General Motors announced Monday that it will infuse $2.2 billion into its Detroit-Hamtramck plant in the Motor City, making it the future home of electric truck and SUV production for the automaker. This comes just months after the plant was saved in hard-fought negotiations between GM and the United Auto Workers Union, which prevented the former from closing it completely as originally intended.
Although few specifics were noted, GM explained the new version of Detroit-Hamtramck will build "a variety of all-electric trucks and SUVs." It's likely this includes the revived Hummer EV, a model that's been rumored to campaign under the GMC banner rather than blossom into a full-fledged standalone brand.
"Through this investment, GM is taking a big step forward in making our vision of an all-electric future a reality," said GM President Mark Reuss in a statement. "Our electric pickup will be the first of multiple electric truck variants we will build at Detroit-Hamtramck over the next few years."
Additionally, the company stated it will invest $800 million into supplier tooling and other projects that will aid in launching the battery-powered products.
While the General kept its lips sealed on what truck and SUV models this involves specifically, it did note that the Cruise Origin will be manufactured at the plant shortly after pickup production kicks off. The Origin is an autonomous people-carrier intended for ride-sharing fleets; it'll be built on a new GM electric platform and won't even feature a steering wheel.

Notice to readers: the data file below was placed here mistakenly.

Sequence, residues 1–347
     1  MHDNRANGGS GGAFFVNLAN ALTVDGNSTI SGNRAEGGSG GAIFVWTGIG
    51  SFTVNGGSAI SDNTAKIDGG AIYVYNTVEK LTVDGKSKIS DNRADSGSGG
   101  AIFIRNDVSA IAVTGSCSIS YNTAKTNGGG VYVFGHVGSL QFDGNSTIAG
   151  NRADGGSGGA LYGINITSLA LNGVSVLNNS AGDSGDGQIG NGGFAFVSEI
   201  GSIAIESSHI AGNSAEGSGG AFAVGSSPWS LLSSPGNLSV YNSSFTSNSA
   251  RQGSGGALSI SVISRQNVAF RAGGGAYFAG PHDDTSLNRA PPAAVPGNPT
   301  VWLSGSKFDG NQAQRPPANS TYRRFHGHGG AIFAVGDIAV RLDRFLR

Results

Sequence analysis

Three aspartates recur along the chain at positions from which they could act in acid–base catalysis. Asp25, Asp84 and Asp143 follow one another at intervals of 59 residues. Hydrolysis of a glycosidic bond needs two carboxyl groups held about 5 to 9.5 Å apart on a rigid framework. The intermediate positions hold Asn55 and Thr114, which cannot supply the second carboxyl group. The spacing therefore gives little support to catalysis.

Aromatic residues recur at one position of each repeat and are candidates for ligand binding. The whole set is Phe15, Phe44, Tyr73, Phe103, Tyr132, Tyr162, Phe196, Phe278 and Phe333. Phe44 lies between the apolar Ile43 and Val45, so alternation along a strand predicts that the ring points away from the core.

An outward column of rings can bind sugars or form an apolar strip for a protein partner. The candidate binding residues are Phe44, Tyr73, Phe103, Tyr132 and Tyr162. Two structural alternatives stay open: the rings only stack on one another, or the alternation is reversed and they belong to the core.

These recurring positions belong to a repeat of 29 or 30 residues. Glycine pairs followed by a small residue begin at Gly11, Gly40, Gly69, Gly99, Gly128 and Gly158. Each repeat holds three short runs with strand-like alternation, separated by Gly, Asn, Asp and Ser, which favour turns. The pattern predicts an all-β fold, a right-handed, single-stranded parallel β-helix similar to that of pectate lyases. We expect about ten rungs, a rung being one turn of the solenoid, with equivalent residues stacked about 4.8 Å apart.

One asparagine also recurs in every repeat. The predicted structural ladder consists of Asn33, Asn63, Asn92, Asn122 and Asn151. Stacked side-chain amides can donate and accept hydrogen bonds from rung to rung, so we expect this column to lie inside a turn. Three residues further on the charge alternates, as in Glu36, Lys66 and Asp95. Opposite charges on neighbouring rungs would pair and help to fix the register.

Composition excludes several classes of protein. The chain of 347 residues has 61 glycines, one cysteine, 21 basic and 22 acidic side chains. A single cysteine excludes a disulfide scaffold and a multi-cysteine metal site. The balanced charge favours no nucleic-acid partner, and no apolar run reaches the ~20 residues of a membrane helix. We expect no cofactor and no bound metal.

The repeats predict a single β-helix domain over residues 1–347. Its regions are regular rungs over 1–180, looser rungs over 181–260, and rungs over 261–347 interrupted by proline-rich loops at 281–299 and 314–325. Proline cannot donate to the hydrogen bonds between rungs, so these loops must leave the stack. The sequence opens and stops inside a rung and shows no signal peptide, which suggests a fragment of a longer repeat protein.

Approximately 2,200 jobs will be provided as a result of the Detroit-Hamtramck location's retooling. At present, the factory is operating on a single shift producing the Chevrolet Impala and Cadillac CT6. Manufacturing of those sedans will stop in February, which is when the plant's reconfiguration will begin and continue for 12 to 18 months, per GM.
As part of the multi-billion-dollar investment, GM will also comprehensively upgrade the facility's paint and body shops with new machines, conveyors, controls, and tooling.
Detroit-Hamtramck, which opened in 1985, actually has previous experience building electrified vehicles thanks to the Chevrolet Volt. This project then expanded to include the Cadillac ELR, although both were eventually scaled back as were many other projects that predated GM's retracted decision to "unallocate" the facility.
Just last month, news broke that GM and LG Chem will collectively devote $2.3 billion to build an EV battery factory in Lordstown, Ohio. It'll be constructed near the old GM Lordstown plant and provide crucial powertrain components for various models manufactured at Detroit-Hamtramck and possibly other locations down the line.
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